Look, I’ve tried. God knows I’ve tried. But for the life of me I just

can’t fathom this Britax car seat ad. I’d be the first to admit that I

possess neither a driving licence nor a vomit-encrusted toddler. And

that drink-driving is one crime I will never find myself committing. But

I still cannot work out why a car crash involving a drink-driver should

be any more of a threat to your child than one involving a stone-cold

sober driver, a large articulated truck, a very steep hill and a patch

of black ice? Or, for that matter, why the first half of the headline is

in red? And why is it a question? And why have they art directed the

baby into the gutter? And does the Britax Empire produce a slightly less

safe version of the seat specifically for less dangerous,

non-drink-related accidents?



Dat Benjamin Zephania, ’im dub, ’im rap an’ ting. In poetry, ’im like a

Lennox: undisputed king. ’Im meck an ad far Morgan’s Spiced, it rock the

nation, see. But though ’im talkin’ liberation, some ting’s troublin’

me. Client, ’im call it ’product shot’, ’appreciation’, ’smart’. But as

I and I and I would say, methinks the ending’s clart. Big up.





MICROSOFT

Project: MSN

Client: Matt Wittingham, relationship marketing manager

Brief: Convey the benefits of the MSN portal site and drive traffic to

it

Agency: Euro RSCG Wnek Gosper

Writer: Mark Wnek

Art director: Paul Shearer

Director: Doug Nichol

Production company: Serious Pictures

Exposure: National TV, cinema


NESTLE UK

Project: After Eight

Client: Liam Newton, category marketing manager

Brief: Reaffirm After Eight as the number one after-dinner mint

Agency: J. Walter Thompson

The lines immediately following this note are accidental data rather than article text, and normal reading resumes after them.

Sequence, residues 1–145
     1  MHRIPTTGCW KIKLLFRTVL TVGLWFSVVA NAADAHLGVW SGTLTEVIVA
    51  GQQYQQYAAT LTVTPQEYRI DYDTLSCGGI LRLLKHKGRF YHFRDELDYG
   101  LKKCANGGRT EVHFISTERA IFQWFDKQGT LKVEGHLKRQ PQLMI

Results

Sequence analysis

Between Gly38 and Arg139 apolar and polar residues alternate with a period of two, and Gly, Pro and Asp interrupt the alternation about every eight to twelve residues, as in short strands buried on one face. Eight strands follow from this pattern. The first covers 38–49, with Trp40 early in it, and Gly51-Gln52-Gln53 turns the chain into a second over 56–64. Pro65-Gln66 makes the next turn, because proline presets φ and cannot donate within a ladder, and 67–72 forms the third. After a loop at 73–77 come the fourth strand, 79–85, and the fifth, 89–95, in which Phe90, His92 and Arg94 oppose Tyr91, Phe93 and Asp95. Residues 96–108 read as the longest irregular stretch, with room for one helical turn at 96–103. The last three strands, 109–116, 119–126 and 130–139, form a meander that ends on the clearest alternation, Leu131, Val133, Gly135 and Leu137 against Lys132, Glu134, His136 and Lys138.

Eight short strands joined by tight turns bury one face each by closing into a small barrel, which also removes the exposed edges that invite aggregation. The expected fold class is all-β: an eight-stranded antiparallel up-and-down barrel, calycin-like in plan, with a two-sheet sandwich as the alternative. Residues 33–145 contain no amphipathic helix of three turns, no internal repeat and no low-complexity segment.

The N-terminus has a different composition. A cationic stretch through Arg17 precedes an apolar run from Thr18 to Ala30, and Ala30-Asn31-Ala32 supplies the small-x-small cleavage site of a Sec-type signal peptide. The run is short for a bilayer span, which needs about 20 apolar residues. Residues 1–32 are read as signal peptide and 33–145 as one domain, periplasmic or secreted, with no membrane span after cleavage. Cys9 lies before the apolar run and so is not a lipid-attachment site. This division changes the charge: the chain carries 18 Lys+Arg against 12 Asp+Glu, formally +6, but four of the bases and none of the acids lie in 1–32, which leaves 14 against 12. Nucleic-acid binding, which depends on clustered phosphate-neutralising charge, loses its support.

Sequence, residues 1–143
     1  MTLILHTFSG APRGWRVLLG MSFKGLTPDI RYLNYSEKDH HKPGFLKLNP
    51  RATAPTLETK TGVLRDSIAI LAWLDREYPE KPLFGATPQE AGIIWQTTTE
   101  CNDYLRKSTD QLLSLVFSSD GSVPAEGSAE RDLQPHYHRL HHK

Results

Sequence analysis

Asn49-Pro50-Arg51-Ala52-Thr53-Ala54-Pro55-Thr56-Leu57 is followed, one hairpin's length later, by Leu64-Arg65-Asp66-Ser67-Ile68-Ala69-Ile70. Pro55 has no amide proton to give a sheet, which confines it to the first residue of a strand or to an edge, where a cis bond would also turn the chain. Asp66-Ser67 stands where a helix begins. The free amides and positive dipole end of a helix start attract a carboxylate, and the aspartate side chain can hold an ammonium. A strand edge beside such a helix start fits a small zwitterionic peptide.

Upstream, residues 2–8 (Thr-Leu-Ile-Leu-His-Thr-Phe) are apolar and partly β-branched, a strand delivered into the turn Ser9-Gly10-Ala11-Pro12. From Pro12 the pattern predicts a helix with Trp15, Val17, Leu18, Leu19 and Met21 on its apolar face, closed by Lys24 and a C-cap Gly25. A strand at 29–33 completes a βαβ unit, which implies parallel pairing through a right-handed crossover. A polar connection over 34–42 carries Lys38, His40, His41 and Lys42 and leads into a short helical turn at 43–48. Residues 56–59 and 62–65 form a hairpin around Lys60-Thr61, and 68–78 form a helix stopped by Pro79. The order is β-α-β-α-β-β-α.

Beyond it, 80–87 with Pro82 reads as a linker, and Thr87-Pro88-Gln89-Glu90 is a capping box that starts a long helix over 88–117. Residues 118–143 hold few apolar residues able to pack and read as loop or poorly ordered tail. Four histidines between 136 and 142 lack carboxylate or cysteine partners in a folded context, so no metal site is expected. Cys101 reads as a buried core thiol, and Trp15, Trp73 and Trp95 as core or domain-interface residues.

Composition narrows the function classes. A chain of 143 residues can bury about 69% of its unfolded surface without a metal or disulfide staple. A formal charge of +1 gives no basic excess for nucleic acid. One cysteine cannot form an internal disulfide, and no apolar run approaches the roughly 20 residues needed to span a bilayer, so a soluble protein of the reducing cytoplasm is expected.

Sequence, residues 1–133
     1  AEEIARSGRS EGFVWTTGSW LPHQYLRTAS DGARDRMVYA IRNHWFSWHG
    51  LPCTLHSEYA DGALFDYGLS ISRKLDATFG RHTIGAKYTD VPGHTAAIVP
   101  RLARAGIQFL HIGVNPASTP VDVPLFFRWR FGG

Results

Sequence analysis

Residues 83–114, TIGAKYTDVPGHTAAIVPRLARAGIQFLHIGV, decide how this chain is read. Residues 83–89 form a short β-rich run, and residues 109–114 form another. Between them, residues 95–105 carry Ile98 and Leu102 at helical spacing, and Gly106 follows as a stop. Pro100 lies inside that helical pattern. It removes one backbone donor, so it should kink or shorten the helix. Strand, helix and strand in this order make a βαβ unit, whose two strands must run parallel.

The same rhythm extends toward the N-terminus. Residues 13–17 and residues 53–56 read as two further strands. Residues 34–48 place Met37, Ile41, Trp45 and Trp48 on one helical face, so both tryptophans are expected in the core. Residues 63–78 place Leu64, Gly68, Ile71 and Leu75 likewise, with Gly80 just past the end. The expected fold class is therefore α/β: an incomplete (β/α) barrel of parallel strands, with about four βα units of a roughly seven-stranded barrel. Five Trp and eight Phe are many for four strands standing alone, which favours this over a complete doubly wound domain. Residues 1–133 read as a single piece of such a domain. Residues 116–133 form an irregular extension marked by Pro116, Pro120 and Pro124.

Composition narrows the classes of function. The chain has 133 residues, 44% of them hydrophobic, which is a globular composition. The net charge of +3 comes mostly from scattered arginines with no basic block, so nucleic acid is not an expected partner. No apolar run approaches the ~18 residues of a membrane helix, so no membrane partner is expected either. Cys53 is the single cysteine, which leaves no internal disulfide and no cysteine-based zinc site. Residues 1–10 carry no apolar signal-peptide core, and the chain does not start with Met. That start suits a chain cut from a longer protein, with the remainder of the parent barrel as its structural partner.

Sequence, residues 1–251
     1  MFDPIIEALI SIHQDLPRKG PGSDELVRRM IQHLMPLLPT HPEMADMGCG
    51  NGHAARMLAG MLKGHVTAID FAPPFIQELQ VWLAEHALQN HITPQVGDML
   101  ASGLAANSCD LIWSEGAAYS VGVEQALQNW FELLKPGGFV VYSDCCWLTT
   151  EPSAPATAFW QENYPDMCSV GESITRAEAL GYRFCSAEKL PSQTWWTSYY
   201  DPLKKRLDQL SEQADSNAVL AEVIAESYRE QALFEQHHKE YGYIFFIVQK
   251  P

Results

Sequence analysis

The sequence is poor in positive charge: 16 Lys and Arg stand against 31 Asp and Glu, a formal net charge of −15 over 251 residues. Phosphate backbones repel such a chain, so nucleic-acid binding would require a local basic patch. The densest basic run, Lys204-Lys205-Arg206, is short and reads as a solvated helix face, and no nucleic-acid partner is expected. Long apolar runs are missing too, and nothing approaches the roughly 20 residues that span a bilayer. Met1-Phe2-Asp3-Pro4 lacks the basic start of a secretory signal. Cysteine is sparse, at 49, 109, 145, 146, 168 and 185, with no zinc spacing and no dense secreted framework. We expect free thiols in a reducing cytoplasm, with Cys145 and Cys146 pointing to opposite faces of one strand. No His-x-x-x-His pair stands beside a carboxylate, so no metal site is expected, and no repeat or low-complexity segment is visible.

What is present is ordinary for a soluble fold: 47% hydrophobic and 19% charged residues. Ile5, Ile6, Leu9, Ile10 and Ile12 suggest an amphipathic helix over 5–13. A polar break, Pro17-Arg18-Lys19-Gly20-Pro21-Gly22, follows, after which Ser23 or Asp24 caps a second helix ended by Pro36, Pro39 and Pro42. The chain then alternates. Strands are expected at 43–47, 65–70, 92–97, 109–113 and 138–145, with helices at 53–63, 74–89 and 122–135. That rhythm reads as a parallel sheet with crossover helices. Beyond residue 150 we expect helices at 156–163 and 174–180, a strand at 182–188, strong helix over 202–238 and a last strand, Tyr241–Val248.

Writer: Trevor De Silva

Art director: Paul White

Director: Jeff Stark

Production company: Stark Films

Exposure: National TV


SMITHKLINE BEECHAM

Project: Beecham’s Flu Plus

Client: Frances Crewdson, group brand manager

Brief: Position Beecham’s Flu Plus as offering relief from colds and flu

however you may suffer

Agency: Grey Advertising

Writer: Kevin Morris

Art director: Kevin Ferry

Director: Alex Turner

Production company: Godman

Exposure: National and satellite TV


BRITAX EXCELSIOR

Project: Britax car seats

Client: Peter Archer, managing director

Brief: Britax does all it can to keep your child safe on the road

Agency: BCD&P

Writer: Andy Imrie

Art director: Ray Barrett

Photographer: John Mac

Exposure: Parenting press


SEAGRAM UK

Project: Morgan’s Spiced

Client: Julie Page, marketing director

Brief: Position Morgan’s Spiced as a credible alternative to vodka for

mixing

Agency: Partners BDDH

Writer: David Fleetwood

Art director: Gary Monaghan

Director: Andrew Douglas

Production company: Douglas Jones Films

Exposure: Cinema


UR WIRED.COM

Project: Brand campaign

Client: Mattias Lamotte, managing director

Brief: Build awareness for UR Wired.com, the online games retail

specialist

Agency: Maher Bird Associates

Writer: Martin Pierson

Art director: Martin Pierson

Typographer: Andrew Purchase

Photographer: Jonathan Root

Exposure: Men’s style titles, computer/games press



This article was first published on campaignlive.co.uk